Sodium bicarbonate (NaHCO3) is a white crystalline powder commonly known to as baking soda. It is classified as an acid salt, formed by combining an acid (carbonic) and abase (sodium hydroxide), and it reacts with other chemicals as a mild alkali. At temperatures above 300°F (149°C), sodium bicarbonate decomposes into sodium carbonate (a more stable substance), water, and carbon dioxide.

In addition to its many home uses, sodium bicarbonate also has many industrial applications. For instance, sodium bicarbonate releases carbon dioxide when heated. Since carbon dioxide is heavier than air, it can smother flames by keeping oxygen out, making sodium bicarbonate a useful agent in fire extinguishers. Other applications include air pollution control (because it absorbs sulfur dioxide and other acid gas emissions), abrasive blastings for removal of surface coatings, chemical manufacturing, leather tanning, oil well drilling fluids (because it precipitates calcium and acts asa lubricant), rubber and plastic manufacturing, paper manufacturing, textile processing, and water treatment (because it reduces the level of lead and other heavy metals).

The native chemical and physical properties of sodium bicarbonate account for its wide range of applications, including cleaning, deodorizing, buffering, and fire extinguishing.
Sodium bicarbonate neutralizes odors chemically, rather than masking or absorbing them. Consequently, it is used in bath salts and deodorant body powders. Sodium bicarbonate tends to maintain a pH of 8.1 (7 is neutral) even when acids, which lower pH, or bases, which raise pH, are added to the solution. Its ability to tabletize makes it a good effervescent ingredient in antacids and denture cleaning products. Sodium bicarbonate is also found in some anti-plaque mouthwash products and toothpaste. When sodium bicarbonate is used as a cleaner in paste form or dry on a damp sponge, its crystalline structure provides a gentle abrasion that helps to remove dirt without scratching sensitive surfaces. Its mild alkalinity works to turn up fatty acids contained in dirt and grease into a form of soap that can be dissolved in water and rinsed easily. Sodium bicarbonate is also used as a leavening agent in making baked goods such as bread or pancakes. When combined with an acidic agent (such as lemon juice), carbon dioxide gas is released and is absorbed by the product’s cells. As the gas expands during baking, the cell walls expand as well, creating a leavened product.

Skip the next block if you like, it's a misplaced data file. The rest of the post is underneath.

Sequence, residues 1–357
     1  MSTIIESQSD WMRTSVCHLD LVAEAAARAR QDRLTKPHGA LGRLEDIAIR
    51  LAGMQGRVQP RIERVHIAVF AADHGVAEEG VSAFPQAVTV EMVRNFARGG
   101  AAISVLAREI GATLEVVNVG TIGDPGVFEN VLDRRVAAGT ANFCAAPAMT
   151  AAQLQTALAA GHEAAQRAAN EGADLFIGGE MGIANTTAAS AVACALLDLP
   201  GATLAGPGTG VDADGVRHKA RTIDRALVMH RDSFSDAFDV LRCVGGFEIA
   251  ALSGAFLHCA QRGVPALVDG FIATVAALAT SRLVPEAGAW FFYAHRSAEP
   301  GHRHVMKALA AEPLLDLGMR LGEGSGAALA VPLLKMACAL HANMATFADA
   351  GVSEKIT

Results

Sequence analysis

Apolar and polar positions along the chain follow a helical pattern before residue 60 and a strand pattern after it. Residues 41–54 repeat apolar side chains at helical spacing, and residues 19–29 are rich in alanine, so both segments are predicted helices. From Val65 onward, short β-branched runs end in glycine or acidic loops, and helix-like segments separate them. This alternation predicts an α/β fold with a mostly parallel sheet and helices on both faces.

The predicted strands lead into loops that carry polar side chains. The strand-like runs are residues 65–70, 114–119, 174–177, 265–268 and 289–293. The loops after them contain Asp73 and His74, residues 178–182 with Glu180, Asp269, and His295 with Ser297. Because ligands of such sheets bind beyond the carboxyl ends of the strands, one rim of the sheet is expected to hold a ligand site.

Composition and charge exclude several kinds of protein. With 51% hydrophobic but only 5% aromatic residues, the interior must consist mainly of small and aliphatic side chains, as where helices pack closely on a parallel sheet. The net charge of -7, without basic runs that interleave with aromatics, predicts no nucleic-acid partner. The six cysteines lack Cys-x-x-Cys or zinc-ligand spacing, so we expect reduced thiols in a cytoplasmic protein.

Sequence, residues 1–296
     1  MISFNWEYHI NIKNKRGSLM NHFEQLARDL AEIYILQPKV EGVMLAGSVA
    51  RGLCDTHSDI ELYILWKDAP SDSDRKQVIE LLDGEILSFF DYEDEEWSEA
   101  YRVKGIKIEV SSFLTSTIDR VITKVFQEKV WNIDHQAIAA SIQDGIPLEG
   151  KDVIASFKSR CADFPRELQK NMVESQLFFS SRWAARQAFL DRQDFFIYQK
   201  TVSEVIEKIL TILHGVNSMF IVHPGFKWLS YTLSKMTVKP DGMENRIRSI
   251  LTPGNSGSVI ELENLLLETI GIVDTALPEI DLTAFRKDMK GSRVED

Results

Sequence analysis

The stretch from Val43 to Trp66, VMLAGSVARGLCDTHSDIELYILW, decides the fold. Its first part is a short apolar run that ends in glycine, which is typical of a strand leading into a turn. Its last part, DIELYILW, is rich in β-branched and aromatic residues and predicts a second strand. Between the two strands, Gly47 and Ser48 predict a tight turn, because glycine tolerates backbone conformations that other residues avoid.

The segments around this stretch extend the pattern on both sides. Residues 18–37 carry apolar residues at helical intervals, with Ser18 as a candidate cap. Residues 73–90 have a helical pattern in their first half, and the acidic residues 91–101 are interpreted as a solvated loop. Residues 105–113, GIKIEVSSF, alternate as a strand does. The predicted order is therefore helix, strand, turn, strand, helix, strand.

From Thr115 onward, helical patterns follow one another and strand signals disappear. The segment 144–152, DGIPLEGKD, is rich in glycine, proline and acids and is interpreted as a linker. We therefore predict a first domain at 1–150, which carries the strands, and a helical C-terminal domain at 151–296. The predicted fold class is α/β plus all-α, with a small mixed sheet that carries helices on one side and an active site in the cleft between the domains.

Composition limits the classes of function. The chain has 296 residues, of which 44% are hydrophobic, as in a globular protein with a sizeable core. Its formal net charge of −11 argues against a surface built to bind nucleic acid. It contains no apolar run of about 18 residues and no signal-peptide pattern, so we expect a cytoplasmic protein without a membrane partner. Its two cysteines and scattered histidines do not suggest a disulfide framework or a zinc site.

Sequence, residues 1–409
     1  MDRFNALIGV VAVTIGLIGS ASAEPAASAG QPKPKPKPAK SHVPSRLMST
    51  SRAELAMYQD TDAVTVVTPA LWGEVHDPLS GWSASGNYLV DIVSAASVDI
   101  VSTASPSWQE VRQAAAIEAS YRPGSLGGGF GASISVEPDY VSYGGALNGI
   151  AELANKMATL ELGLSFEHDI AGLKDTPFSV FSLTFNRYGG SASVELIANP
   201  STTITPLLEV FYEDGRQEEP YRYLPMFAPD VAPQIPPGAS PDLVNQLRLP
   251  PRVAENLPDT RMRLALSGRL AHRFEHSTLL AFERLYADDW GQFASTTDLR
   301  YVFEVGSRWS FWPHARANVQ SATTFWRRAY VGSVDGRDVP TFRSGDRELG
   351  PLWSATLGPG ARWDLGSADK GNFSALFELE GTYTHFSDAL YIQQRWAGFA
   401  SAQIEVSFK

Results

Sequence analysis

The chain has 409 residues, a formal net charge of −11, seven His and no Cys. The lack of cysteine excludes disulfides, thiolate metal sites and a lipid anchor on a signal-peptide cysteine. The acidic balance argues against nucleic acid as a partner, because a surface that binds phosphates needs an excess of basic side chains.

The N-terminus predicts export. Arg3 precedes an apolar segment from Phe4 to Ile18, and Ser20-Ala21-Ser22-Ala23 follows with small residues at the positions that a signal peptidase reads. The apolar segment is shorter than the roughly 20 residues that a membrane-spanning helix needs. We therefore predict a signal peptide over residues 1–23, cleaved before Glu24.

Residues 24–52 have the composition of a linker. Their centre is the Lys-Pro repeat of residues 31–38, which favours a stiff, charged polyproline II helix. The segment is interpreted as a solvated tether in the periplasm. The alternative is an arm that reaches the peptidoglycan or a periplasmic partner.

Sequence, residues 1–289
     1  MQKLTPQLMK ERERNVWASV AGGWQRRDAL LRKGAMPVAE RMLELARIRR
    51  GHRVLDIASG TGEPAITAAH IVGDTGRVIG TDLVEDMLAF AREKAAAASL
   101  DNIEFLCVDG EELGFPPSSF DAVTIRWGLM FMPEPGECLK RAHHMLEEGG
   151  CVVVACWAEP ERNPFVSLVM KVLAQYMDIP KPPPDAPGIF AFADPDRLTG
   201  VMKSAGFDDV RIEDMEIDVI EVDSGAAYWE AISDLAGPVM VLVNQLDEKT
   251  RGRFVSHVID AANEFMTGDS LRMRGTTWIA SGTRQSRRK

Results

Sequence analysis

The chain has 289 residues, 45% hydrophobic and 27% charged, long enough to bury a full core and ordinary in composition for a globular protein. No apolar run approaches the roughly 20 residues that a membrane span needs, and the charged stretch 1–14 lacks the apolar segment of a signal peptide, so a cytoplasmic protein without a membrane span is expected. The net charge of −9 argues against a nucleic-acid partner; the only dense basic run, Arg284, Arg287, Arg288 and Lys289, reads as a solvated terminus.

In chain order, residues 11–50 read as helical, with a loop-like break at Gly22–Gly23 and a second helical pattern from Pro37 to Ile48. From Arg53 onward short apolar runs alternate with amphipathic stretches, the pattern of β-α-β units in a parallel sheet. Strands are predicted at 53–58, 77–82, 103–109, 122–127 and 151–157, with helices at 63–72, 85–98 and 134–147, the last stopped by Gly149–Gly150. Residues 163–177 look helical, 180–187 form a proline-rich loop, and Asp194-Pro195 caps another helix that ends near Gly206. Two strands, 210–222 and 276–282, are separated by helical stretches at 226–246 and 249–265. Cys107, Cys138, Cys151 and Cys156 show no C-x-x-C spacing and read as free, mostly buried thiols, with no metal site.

Sodium bicarbonate is primarily used in cooking ( baking ) where it reacts with other components to release carbon dioxide, that helps dough “rise”. The acidic compounds that induce this reaction include phosphates , cream of tartar , lemon juice , yogurt , buttermilk , cocoa , vinegar , etc. Sodium bicarbonate can be substituted for baking powder provided sufficient acid reagent is also added to the recipe. Many forms of baking powder contain sodium bicarbonate combined with one or more acidic phosphates (especially good) or cream of tartar. Can also be used for softening peas (⅛ tsp. per pint of water and bring to boil for one hour)

Thermal decomposition causes sodium bicarbonate alone to act as a raising agent by releasing carbon dioxide at baking temperatures. The mixture for cakes using this method can be allowed to stand before baking without any premature release of carbon dioxide.

Neutralization of acids and bases

Many laboratories keep a bottle of sodium bicarbonate powder within easy reach, because sodium bicarbonate is amphoteric , reacting with acids and bases . Furthermore, as it is relatively innocuous in most situations, there is no harm in using excess sodium bicarbonate. Lastly, sodium bicarbonate powder may be used to smother a small fire.

A wide variety of applications follows from its neutralization properties, including ameliorating the effects of white phosphorus in incendiary bullets from spreading inside an afflicted soldier’s wounds. Sodium bicarbonate can be added as a simple solution for raising the pH balance of water (increasing total alkalinity) where high levels of chlorine (2-5 ppm) are present as in swimming pools and aquariums.

Medical uses

Sodium bicarbonate is used in an aqueous solution as an antacid taken orally to treat acid indigestion and heartburn . It may also be used in an oral form to treat chronic forms of metabolic acidosis such as chronic renal failure and renal tubular acidosis . Sodium bicarbonate may also be useful in urinary alkalinization for the treatment of aspirin overdose and uric acid renal stones.

An aqueous solution is sometimes administered intravenously for cases of acidosis , or when there are insufficient sodium or bicarbonate ions in the blood. In cases of respiratory acidosis, the infused bicarbonate ion drives the carbonic acid/bicarbonate buffer of plasma to the left and, thus, raises the pH. It is for this reason that sodium bicarbonate is used in medically supervised cardiopulmonary resuscitation. Infusion of bicarbonate is indicated only when the blood pH is marked (<7.1-7.0) low.